515. Influenza-Associated Pediatric Mortality and the Application of Multiplex Testing to Detect Respiratory Virus Coinfection — Wisconsin, October 4, 2014–February 7, 2015
Session: Poster Abstract Session: Respiratory Infections: Pediatric
Thursday, October 8, 2015
Room: Poster Hall
  • PED_influenza deaths.gif (683.9 kB)
  • Background: Laboratory-confirmed influenza-associated pediatric mortality is reportable in Wisconsin and nationally. During the 2014–15 influenza season, 6 pediatric deaths were reported among Wisconsin residents. We investigated to determine if virus coinfection was a factor among these deaths.

    Methods: We reviewed reports of influenza-associated pediatric (aged <18 years) deaths in the Wisconsin Electronic Disease Surveillance System during the 2014–15 influenza season. An influenza-associated death was defined as a death resulting from a clinically compatible illness that was confirmed to be influenza using a laboratory or rapid diagnostic test. Available nasopharyngeal or oropharyngeal autopsy specimens were tested for the presence of 16 respiratory viruses by using a multiplex respiratory virus panel (GenMark eSensor RVP). Targeted viruses included influenza A/H1, pd2009 H1, H3 and influenza B, parainfluenzavirus types 1-4, RSV A/B, adenovirus, rhinovirus/enterovirus, human metapneumovirus and four coronaviruses.

    Results: Among the 6 deceased patients, median age was 3 years (range: 6 months–12 years); 4 were male; and 1 had an underlying medical condition (chromosomal abnormality). Among the 6 patients, 4 received no influenza vaccine during the 2014–15 influenza season, 1 received only an initial dose of vaccine, and 1 received vaccine 3 days before death.  Three patients had concomitant methicillin-susceptible Staphylococcus aureus (MSSA) pneumonia with bacteremia. Autopsy specimens from 5 patients were available for multiplex testing. All 5 patients had influenza A/H3 infections; 2 patients with MSSA pneumonia had no viral coinfection. Three patients had virus coinfections: 1 with MSSA pneumonia was coinfected with RSV-A, parainfluenza-3, and adenovirus-C; 1 was coinfected with rhino/enterovirus and adenovirus-C; and 1 was coinfected with influenza B and coronavirus (OC43).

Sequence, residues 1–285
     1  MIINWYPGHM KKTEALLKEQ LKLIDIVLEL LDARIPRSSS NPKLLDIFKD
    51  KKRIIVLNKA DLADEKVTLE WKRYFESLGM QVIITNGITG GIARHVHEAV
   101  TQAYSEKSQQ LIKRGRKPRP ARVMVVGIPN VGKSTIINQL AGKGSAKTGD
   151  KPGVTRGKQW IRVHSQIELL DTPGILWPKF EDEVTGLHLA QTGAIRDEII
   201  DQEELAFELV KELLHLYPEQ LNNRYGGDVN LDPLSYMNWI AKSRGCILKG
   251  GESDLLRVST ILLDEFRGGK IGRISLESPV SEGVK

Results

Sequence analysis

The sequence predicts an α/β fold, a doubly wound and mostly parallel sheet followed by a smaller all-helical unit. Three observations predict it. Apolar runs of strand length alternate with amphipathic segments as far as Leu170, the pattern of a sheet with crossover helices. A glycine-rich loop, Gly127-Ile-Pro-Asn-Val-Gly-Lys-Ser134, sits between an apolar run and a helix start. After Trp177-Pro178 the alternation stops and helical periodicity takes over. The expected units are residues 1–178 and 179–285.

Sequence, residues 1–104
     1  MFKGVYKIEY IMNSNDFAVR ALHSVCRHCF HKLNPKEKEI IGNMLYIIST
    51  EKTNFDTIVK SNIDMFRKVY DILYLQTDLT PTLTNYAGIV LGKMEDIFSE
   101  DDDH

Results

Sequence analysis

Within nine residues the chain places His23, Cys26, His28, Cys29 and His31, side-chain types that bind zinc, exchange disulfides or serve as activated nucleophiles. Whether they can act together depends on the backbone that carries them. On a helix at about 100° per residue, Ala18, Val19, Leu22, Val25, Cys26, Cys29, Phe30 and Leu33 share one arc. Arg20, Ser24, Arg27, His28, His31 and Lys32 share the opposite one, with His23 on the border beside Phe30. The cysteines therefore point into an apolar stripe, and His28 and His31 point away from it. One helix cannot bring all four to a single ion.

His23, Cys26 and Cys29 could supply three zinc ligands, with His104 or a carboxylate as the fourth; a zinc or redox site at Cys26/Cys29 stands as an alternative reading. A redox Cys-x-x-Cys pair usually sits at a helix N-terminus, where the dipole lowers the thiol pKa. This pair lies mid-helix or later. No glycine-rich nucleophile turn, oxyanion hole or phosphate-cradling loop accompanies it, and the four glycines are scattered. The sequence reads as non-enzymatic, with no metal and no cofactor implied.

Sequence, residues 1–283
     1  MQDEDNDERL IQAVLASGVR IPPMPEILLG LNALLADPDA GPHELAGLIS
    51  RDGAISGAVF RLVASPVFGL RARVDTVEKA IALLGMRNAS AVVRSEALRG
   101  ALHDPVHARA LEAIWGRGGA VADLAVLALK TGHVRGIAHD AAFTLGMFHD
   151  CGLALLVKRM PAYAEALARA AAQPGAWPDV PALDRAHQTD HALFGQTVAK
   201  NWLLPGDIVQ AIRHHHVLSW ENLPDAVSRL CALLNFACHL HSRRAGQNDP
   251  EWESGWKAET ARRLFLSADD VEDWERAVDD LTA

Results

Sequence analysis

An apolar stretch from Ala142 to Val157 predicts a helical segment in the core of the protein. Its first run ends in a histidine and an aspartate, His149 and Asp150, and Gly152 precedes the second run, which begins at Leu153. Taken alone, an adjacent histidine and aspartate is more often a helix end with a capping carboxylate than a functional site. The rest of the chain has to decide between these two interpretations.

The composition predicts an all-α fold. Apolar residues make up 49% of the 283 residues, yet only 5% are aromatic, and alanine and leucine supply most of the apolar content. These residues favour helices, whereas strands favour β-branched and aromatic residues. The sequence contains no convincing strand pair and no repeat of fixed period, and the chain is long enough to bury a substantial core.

Conclusion: Occurrence of pediatric deaths among unvaccinated or undervaccinated children underscores the importance of routine annual influenza vaccinations recommended for all persons aged ≥6 months. Multiplex testing detected coinfection with >3 viral pathogens among 3 of the 6 deceased patients; however, the role of viral coinfection in development of clinically severe disease among patients with influenza remains unclear.

    Lina I Elbadawi, MD, MS1, Thomas Haupt, MS1, Anna Kocharian, MS1, Erik Reisdorf, MPH2, Tonya Danz, BS2 and Jeffrey P Davis, MD1, (1)Bureau of Communicable Diseases, Wisconsin Division of Public Health, Madison, WI, (2)Communicable Disease Division, Wisconsin State Laboratory of Hygiene, Madison, WI


    L. I. Elbadawi, None

    T. Haupt, None

    A. Kocharian, None

    E. Reisdorf, None

    T. Danz, None

    J. P. Davis, None

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